JPMorgan Chase gets into the DSCR MBS game

Offering is backed by 980 loans to rental property investors with a balance of $308 million

JPMorgan Chase will soon be issuing its first non-prime MBS secured exclusively by investor loans that are underwritten based on rental income.

JPMorgan Mortgage Trust 2022-DSC1 is secured by 980 debt service coverage ratio (DSCR) loans with a balance of $308.2 million, according to a Kroll Bond Rating Agency presale report. The collateral has seasoned for just under 12 months, the report says.

Though the loans were originated by more than 100 lenders, non-QM entity Sprout Mortgage, which crashed and burned in July, has the largest share or originations at 19.9%. Chicago-based Interfirst Mortgage Company originated 11% of the loans in the pool. No other originator issued more than 10% of the pool.

The relative strength of DSCR

The JPMorgan Chase MBS offering highlights the relative appetite investors have for business purpose loans, at least in comparison to agency loans.

In its November report, mortgage trading platform MAXEX wrote that agency-eligible investor transactions have “dissipated dramatically over the last six months,” with a second-straight month of zero issuances coming in October.

But “investment properties across the product spectrum have remained popular among non-agency lenders and investors alike,” the MAXEX report reads. “Investment property loans—jumbo, conforming or DSCR—have represented greater than 25% of MAXEX lock volume for 3 consecutive months. Continued strength in the rental market, punitive LLPAs from the
Agencies and the continued growth of short-term rentals such as AirBnB and VRBO all contribute to this trend.”

Since the higher LLPAs on investor properties came into effect, MAXEX buyers introduced two DSCR programs and the exchange started to see more volume of non-owner occupied loans flow through the conforming offering, MAXEX said.

There are still many headwinds in the space, including wide spreads and volatility.

Redfin also reported that companies bought roughly 66,000 homes in 40 markets it tracks in the third quarter, down about 30% from 94,000 homes during the same period last year. It was the biggest percentage decline in investor purchases since the subprime crisis (excepting the early part of the pandemic when restrictions were in place).

Rent growth has also slowed to 10.1% on single-family homes in September, down from 13.9% in April, according to CoreLogic.

The offering

In its pre-sale report, KBRA noted that the average borrower’s FICO score was “moderately strong” at 740, with the current average loan-to-value ratio at 68.4% and the average DSCR at 1.41. DSCR loans are underwritten to account for rental income on a property and do not factor the borrower’s income into the equation.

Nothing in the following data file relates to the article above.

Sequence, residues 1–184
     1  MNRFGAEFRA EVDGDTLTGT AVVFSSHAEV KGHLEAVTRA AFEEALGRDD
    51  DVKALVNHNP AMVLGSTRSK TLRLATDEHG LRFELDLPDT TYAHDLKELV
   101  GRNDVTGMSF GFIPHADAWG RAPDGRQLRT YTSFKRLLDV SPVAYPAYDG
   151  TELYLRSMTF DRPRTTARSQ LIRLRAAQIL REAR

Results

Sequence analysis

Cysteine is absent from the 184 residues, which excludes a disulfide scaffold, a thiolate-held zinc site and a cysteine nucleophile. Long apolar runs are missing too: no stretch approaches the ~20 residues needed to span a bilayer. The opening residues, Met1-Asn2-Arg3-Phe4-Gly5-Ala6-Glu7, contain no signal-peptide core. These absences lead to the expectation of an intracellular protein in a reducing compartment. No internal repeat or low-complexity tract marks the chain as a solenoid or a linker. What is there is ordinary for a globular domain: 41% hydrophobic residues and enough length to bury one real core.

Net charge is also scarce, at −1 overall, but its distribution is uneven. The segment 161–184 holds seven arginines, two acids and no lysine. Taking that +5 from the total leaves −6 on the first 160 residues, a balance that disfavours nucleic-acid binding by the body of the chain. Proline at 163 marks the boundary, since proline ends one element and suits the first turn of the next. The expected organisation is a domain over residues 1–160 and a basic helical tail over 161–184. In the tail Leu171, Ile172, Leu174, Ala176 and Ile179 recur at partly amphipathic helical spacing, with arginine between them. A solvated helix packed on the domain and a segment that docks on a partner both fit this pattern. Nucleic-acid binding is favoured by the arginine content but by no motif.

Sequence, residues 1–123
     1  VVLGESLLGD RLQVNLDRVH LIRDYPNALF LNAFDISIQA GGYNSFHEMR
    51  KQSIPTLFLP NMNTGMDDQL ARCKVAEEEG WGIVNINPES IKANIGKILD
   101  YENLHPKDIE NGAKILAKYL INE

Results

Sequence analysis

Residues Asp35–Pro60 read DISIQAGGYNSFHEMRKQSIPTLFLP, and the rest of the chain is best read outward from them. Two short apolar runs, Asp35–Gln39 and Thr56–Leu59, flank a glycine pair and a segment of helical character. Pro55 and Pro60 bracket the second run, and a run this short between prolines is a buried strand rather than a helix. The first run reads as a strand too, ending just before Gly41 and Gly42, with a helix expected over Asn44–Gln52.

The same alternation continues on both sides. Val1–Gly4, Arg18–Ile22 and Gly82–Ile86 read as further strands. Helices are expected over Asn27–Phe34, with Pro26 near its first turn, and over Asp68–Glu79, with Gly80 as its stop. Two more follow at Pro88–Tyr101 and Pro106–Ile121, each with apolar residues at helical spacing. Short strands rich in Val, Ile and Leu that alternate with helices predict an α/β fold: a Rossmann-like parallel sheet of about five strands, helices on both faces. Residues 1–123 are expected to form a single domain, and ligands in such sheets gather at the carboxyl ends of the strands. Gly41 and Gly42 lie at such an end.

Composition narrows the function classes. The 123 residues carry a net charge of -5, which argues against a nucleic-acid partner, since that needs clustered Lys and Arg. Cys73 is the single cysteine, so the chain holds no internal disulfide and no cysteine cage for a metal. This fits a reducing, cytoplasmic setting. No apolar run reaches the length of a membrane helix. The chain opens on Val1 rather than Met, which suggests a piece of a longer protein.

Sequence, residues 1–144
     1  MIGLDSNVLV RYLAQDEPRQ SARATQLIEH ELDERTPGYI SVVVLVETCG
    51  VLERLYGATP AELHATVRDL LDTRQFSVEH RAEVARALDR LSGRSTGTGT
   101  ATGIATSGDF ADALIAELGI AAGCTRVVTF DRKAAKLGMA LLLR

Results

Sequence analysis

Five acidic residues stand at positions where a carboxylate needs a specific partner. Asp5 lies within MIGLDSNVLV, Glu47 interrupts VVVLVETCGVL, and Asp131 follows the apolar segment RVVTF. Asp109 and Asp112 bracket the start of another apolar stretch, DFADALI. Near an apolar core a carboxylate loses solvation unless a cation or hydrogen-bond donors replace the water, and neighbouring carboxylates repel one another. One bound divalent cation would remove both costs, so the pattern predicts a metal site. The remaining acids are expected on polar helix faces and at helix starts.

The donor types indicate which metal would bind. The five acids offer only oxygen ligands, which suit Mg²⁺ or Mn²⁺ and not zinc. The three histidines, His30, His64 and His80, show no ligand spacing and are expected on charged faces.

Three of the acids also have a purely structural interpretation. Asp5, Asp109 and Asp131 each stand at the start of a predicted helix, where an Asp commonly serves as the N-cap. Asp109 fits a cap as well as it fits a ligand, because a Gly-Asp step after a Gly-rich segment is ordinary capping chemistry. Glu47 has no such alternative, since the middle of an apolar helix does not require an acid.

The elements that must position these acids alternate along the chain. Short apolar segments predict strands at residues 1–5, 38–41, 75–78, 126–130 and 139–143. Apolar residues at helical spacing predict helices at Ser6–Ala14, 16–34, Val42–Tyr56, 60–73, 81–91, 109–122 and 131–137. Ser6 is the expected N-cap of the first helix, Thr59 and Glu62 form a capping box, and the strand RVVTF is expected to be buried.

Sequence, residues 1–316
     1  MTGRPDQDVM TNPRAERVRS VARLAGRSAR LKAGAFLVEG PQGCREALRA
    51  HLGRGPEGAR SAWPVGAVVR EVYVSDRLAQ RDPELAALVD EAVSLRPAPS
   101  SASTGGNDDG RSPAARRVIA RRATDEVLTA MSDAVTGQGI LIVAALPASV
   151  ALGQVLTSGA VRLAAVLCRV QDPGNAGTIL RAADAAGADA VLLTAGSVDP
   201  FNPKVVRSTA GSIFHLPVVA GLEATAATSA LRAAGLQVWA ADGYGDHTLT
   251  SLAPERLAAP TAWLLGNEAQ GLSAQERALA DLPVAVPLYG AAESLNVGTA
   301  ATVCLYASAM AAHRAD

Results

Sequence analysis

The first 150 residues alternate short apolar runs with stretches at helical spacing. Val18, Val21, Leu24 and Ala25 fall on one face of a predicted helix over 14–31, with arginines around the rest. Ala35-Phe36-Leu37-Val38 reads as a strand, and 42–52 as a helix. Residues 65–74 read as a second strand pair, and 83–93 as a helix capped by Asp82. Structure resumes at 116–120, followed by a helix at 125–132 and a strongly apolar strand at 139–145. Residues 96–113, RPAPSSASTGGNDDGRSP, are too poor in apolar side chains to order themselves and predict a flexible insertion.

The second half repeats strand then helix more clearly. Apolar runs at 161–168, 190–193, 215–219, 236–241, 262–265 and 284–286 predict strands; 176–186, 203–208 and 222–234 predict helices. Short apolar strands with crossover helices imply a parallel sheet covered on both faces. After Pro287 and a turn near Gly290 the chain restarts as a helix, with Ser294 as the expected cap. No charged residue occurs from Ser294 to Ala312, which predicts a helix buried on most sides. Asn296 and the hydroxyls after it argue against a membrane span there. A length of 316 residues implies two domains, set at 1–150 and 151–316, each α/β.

For this pool, about 20% of the loans are geographically concentrated around New York City, and other high concentrations are in Miami, Los Angeles, Baltimore/D.C. Dallas, and Atlanta. The loans are primarily backed by single-family residences (62.14%), two- to four-family homes (33.8%), and condominiums (4.07%).

KBRA analysts noted that 63% of the loans are collateralized by properties with leases in place and said that JPMorgan has provided representation and warranty coverage for the loans originated by Sprout.

“These loans, along with the rest of the loans in the transaction, underwent a full scope due diligence review with satisfactory outcomes and meet the Sponsor’s Acquisition Guidelines,” KBRA analysts wrote. “In addition to the Sponsor has demonstrated extensive RMBS securitization performance history though this is mainly in relation to prime jumbo loans. This transaction represents the first securitization by the Sponsor backed by investor cash flow loans.”

The highest tranche received a AAA bond rating by KBRA, with a credit enhancement of 34.4%.

“Investor properties generally exhibit a higher propensity of default than owner-occupied properties. Their performance may depend on certain aspects of a property’s rental market (e.g., vacancy rates, market rent trends, regional prices), as well as the borrower’s capacity and motivation to manage multiple properties, generate sustainable cash flow and maximize recoveries,” KBRA analysts wrote. “Additionally, alternative doc types (e.g., DSCR) have historically exhibited higher delinquency and default risk relative to loans underwritten using traditional income qualification (i.e., 1-2 years of tax returns/W2s). These potential risks for JPMMT 2022 DSC1 are partially mitigated by the underlying pool’s moderate leverage ratios and relatively solid credit scores.”

In another presale report, analysts at S&P Global weighed whether there were any additional risks related to foreclosure and liquidation timelines for investor properties compared to owner-occupied properties.

“We considered the variance in foreclosure and liquidation timelines and determined that the delta of timelines between investor and non-investor properties did not pose an additional risk to the pool,” the analysts wrote.

Shellpoint Mortgage Servicing, a division of NewRez, and Nationstar (Mr. Cooper) are functioning as the primary servicer and master servicer, respectively.

The loan purpose for 478 loans (just over 50% of the pool balance) is a cash-out refinance, with an average cash-out amount of $148,308 (114 loans have cash-out amounts greater than $200,000).

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